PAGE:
Drugs, knives haul at jail
Knives and drugs were seized and two women were charged when police stopped and searched visitors to Albany Regional Prison and raided a home in Albany last week.
The operation was part of an expanded focus on regional prisons by the organised crime squad's prison team, a unit that was re- established to crack down on drugs in WA's prisons.
Four knives and a small amount of cannabis and methylamphetamine were seized by the prison team, Great Southern police and Department of Corrective Services officers when they searched nine cars entering Albany prison last Wednesday.
A 37-year-old Orana woman was charged with possessing a prohibited drug and was summoned to appear in court at a later date.
The prison operation led to the raid of a home in Albany on Thursday, where a 27-year-old Collingwood Heights woman was charged with possessing methylamphetamine, possessing cannabis, cultivating cannabis and possessing drug paraphernalia.
Police allege she was linked to the supply of drugs to Albany Regional Prison and Pardelup Prison Farm, 30km west of Mt Barker.
Detective First Class Constable Mark Ferguson, of the organised crime squad prison team, said intelligence indicated cannabis, methamphetamine and suboxone - a drug prescribed to heroin addicts - were getting into regional prisons.
"Anecdotally we know that the prison visitors are bringing and smuggling in contraband in the form of telephones," Det-Const. Ferguson said.
"Drugs, anything like that which comes into the prison system, our aim is to disrupt that process and hopefully come away with something quite decent out of it."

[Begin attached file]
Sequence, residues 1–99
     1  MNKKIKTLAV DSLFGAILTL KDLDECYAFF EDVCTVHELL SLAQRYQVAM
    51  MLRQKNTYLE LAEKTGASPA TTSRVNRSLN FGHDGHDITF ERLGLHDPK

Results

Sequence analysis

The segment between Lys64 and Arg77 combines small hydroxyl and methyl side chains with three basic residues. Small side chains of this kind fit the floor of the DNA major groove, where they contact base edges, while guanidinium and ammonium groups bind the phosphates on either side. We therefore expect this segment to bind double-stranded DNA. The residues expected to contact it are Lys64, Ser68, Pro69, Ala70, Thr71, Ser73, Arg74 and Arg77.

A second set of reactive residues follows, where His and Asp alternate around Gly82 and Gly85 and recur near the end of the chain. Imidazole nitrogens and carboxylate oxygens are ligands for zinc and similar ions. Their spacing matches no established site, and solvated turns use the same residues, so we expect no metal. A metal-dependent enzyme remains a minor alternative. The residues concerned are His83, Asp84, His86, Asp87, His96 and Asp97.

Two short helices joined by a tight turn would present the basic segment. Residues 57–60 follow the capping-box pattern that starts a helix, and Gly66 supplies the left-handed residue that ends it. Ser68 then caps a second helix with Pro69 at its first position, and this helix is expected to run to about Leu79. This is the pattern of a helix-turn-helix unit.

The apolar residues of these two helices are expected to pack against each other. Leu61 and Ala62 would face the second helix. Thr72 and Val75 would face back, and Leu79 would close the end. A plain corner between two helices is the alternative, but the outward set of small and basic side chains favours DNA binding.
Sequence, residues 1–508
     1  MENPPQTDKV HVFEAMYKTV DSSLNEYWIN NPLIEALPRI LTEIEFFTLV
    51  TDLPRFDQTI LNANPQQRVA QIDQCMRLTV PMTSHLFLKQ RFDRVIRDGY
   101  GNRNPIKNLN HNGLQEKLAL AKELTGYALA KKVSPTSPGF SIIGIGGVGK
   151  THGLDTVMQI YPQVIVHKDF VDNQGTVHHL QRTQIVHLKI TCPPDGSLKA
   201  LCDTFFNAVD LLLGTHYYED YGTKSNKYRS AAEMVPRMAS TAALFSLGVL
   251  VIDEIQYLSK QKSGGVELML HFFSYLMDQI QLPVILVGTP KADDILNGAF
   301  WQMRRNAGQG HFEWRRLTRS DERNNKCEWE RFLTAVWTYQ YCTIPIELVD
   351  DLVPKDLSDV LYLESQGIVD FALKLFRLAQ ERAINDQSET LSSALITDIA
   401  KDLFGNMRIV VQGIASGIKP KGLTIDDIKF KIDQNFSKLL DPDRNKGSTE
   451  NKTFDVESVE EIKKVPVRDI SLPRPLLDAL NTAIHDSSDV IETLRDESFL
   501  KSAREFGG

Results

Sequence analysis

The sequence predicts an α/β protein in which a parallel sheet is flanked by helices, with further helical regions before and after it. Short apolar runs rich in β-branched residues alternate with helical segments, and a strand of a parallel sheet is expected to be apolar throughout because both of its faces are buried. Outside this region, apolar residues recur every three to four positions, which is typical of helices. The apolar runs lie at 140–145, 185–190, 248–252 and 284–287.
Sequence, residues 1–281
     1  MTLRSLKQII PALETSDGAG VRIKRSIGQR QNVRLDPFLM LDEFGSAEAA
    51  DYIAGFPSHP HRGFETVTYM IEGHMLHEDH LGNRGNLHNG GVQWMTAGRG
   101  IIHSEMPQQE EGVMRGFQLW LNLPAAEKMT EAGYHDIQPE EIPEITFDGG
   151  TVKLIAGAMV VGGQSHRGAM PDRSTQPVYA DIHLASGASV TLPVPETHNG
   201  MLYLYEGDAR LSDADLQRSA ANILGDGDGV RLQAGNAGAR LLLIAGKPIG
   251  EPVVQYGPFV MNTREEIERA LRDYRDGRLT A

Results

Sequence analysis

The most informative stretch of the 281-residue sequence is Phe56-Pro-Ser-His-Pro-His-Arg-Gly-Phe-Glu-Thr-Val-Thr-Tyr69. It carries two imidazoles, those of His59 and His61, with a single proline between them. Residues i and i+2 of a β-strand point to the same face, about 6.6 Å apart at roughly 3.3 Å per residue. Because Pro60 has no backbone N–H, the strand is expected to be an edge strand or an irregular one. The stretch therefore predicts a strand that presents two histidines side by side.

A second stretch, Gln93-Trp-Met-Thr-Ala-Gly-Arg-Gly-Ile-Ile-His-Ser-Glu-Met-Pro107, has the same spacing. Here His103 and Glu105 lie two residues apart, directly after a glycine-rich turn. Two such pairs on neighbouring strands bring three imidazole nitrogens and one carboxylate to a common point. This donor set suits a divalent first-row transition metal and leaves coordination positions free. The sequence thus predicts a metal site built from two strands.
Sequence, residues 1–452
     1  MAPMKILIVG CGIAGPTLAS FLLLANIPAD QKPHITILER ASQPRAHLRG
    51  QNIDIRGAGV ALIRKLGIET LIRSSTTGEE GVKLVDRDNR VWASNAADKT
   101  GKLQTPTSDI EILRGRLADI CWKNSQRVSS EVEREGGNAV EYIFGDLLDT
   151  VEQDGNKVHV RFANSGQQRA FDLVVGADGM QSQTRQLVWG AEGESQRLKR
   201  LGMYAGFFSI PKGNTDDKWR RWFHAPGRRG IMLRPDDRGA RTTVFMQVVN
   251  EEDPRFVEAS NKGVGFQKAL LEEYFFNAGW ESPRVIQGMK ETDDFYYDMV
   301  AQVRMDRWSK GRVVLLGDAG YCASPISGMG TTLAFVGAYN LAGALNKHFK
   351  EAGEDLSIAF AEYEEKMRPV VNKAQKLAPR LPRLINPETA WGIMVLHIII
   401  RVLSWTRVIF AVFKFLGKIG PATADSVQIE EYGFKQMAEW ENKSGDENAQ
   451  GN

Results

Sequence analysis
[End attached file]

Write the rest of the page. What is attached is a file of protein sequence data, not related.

Det-Const. Ferguson said the team had not targeted Albany for some time, but the team charter now allowed it.
"We've visited quite a number of the regional prisons since we started at the end of last year and we'll continue to do so, targeting regional and metropolitan based prisons to achieve that same aim," he said.
A report by Operation Ulysses, a task force which was set up to investigate organised crime links to the prison system, recommended in 2013 the police prisons unit be re-established.
The task force began addressing the problem by searching the cars of jail visitors until detectives were commissioned to work undercover as prison officers.
Department of Corrective Services director of investigations and intelligence Steven Norris said any prison could be the target.
"It's really about disruption and obviously sending a message that this sort of activity by the department and our friends at WA Police can happen at any time irrespective of location," Mr Norris said.
Detective Senior Sergeant Peter Healy similar operations would continue across WA.
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